Michigan Sentencing Guidelines Determine whether You Go to Jail and How Long
Schmierlaw understands and can challenge the Guidelines
In late the late 1990’s, the Michigan legislature enacted the Michigan Sentencing Guidelines to provide judges with guidance or the minimum terms of a sentence for individuals convicted of a felony. The guidelines were developed so that any felony was based on the seriousness of the offense and the convicted person’s prior record. The goal was to reduce the differences in sentencing that often depended in which County the Court was located. For instance, the penalties for the same crime and a Defendant with the same criminal background, was different in Oakland County, Ingham County, and other Counties way up north
The sentencing guidelines score both the facts of the specific offense and the offender’s past criminal history. A minimum sentence range is then determined by placing these scores into various sentencing grids based on how the crime is classified. For instance is it or property crime or a crime against a person? Without putting a substantial and compelling reason on the record, judges were required to sentence a defendant to the sentence specified in the guidelines.
But in 2014, the Michigan Supreme Court ruled that, because the legislature and the court were two different but equal branches of government, the Court, according to the Constitution, had the sole power and right to impose a sentence, not the legislature. Since that case, Michigan v Lockridge, the sentencing guidelines are no longer mandatory but advisory but the Courts still usually follows them.
All crimes come with minimum and maximum penalties. For instance, the penalties for Carrying a Concealed Weapon include fines and a possible 0 months to 60 months or 5 years in prison. So, in Macomb County a Defendant might be sentenced to probation with no jail time, while someone in another County, who done the same thing and with the same criminal history, might get 3 years in prison. The guidelines were adopted then, to try and standardize the sentencing throughout the State.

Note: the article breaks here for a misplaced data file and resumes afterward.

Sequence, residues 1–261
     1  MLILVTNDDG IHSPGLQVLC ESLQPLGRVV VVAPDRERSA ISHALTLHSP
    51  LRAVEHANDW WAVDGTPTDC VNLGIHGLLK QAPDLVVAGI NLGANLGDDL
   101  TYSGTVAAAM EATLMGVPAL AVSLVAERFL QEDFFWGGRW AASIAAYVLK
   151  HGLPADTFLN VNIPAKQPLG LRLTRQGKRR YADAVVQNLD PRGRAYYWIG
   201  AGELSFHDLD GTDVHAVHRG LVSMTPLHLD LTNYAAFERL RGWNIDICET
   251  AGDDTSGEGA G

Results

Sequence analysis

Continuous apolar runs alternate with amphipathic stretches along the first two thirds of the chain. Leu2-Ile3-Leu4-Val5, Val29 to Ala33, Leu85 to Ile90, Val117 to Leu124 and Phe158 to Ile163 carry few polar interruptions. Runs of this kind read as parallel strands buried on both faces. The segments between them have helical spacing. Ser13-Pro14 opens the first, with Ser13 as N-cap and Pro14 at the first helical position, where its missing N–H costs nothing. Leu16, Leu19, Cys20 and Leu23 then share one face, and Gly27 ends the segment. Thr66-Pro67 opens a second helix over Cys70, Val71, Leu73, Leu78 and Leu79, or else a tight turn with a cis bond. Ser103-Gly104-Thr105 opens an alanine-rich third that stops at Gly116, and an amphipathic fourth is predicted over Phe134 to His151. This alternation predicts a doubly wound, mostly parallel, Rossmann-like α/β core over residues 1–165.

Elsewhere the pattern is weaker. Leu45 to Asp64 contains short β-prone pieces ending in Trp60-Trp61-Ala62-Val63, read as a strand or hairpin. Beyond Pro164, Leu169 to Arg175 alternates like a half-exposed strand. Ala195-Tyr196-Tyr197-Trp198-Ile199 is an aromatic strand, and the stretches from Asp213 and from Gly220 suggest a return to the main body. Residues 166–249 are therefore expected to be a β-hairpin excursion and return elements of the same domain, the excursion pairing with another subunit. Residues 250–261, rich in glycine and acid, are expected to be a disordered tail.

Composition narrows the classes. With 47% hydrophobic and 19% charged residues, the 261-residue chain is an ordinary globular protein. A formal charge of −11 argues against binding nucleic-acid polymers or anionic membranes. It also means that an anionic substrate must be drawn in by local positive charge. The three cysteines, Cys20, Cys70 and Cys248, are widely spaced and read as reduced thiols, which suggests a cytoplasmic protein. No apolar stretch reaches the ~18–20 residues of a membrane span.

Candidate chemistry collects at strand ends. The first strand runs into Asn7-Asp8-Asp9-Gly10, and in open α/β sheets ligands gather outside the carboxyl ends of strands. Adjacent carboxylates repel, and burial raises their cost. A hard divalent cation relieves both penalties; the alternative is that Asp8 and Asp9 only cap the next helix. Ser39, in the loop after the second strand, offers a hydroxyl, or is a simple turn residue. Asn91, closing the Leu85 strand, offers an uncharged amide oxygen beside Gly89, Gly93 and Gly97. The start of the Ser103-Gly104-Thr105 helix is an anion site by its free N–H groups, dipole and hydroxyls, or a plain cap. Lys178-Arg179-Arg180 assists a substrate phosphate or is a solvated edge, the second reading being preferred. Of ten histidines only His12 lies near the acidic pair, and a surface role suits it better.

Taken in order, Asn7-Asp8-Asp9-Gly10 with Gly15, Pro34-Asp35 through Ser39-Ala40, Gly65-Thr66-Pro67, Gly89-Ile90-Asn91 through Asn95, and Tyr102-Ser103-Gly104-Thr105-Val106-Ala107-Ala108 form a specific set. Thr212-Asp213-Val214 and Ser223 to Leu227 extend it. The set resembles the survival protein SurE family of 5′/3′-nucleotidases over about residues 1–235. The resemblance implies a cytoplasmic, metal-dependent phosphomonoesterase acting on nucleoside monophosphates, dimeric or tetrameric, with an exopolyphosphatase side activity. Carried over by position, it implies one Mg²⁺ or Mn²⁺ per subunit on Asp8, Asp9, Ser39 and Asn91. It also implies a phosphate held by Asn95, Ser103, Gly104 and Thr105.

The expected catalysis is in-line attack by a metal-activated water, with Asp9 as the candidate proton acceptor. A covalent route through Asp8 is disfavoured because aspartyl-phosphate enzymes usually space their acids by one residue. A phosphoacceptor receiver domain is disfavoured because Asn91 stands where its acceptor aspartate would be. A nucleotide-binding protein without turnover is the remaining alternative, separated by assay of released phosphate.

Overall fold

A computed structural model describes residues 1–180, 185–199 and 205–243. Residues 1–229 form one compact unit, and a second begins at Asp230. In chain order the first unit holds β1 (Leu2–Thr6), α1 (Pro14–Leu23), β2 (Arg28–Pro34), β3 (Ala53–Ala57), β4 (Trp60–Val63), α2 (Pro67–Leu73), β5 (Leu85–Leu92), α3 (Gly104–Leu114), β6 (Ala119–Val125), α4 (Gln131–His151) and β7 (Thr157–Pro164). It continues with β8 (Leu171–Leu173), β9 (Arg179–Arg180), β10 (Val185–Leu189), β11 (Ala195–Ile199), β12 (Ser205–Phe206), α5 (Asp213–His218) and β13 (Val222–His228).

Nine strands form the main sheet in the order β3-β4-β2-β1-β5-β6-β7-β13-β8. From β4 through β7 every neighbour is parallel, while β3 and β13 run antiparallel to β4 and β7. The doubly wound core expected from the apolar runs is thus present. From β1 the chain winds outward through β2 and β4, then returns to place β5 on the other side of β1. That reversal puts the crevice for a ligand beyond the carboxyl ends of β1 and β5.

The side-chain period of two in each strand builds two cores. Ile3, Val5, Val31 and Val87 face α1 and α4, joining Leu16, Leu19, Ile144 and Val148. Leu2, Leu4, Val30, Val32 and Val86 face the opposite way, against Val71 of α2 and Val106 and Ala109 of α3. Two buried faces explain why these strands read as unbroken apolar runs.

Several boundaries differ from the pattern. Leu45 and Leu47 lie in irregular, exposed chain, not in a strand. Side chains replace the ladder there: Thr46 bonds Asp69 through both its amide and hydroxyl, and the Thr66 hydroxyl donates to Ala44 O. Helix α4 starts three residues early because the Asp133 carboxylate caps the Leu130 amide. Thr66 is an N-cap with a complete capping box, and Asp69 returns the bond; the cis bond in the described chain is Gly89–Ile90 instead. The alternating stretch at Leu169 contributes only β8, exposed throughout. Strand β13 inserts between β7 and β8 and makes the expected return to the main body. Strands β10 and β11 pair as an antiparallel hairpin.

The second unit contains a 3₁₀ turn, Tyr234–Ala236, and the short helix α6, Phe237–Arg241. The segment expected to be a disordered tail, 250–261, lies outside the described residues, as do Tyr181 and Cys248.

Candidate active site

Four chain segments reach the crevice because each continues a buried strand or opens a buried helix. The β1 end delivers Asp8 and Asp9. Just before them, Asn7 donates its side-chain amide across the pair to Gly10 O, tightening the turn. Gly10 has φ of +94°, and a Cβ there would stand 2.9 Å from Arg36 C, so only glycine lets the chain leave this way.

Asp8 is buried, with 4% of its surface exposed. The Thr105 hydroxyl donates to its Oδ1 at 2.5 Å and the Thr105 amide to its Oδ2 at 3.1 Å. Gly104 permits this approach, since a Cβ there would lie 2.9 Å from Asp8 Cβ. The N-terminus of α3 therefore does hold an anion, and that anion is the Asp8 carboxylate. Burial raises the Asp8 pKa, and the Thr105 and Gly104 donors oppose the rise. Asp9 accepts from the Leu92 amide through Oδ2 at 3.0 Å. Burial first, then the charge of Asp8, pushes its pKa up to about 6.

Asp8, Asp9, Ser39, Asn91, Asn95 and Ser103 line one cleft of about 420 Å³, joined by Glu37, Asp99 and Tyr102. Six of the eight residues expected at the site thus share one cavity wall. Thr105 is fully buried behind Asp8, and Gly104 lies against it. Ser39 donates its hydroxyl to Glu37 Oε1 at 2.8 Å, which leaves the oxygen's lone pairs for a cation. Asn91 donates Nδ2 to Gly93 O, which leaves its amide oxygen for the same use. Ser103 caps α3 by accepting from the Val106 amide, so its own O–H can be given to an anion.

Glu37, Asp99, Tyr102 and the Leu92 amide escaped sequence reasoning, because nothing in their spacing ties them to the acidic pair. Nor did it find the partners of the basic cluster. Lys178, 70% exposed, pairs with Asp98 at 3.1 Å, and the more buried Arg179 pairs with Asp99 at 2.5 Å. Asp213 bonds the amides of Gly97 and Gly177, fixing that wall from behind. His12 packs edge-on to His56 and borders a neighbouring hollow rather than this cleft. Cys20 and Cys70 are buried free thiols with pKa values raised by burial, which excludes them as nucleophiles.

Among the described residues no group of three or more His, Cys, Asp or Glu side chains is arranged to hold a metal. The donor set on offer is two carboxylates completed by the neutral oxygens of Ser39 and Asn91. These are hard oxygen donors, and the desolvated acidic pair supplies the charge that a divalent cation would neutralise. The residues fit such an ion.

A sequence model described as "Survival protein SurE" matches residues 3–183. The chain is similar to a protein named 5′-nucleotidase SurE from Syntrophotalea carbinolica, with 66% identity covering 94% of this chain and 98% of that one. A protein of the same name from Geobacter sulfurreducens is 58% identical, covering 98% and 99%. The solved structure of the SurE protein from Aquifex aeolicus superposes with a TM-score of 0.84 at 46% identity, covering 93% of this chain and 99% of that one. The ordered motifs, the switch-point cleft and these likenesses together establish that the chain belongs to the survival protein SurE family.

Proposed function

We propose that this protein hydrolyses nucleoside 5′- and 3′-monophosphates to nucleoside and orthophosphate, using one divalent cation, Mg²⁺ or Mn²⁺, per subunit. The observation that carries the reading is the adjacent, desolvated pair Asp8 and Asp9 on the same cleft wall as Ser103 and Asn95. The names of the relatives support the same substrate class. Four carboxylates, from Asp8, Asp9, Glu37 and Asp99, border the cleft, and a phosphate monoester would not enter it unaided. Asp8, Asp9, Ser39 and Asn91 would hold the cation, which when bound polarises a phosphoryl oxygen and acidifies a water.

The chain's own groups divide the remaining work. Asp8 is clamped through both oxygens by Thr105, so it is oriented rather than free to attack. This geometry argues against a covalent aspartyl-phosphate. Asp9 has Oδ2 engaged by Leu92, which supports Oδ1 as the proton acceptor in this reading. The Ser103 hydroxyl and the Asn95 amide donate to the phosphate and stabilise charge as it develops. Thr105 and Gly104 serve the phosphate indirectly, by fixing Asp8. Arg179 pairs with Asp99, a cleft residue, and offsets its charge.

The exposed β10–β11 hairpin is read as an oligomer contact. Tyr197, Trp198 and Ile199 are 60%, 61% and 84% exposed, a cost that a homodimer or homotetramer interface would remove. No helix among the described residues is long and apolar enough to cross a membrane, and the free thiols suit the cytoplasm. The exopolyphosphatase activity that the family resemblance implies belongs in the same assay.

The State of Michigan prints and makes available an on-line, a copy of the Sentencing Guidelines. To use the manual, determine the crime classification, what sentencing grid corresponds to that classification, the OV and PRV points of each factor within that classification, and the result will appear on the associated grid. The guidelines also include what are considered straddle and intermediate cells which may allow the Judge to impose probation even though a jail term was specified under the guidelines. In addition, crimes older than 10 years and with no criminal history between the old and new crime, are not counted.
Under the “advisory” sentencing guidelines, the Court will look at the current crime called the Offense Variable or OV and your PRV or Prior Record Variable. When considering the OV, the Court will look if a weapon was used, was anyone injured either physically or psychologically, how many victims there were, and other facts related to the crime for which you are being sentenced.
Your PRV looks at your past record. How many serious and no-so-serious felonies do you have? Any juvenile convictions? Misdemeanors. Points are assigned to each of these factors and these points correspond to a certain number of months or years that the person who is convicted will spend in jail.
An experienced criminal defense attorney understands the sentencing guidelines and may be able to challenge the points that the Prosecutor has assigned to your particular case. Challenging these points when determining your guidelines could significantly reduce the prison or jail time you face.
If you are charged or arrested with a crime, you need an experienced, affordable, and aggressive criminal defense lawyer who understands the Michigan Sentencing Guidelines and can keep you out of jail and protect your freedom.
Law Office of James G. Schmier, PLLC
2222 Attard Street, Birmingham, Michigan 48009
Tel: (248) 705-3742 FAX: (248) 540-0044 Email: firstname.lastname@example.org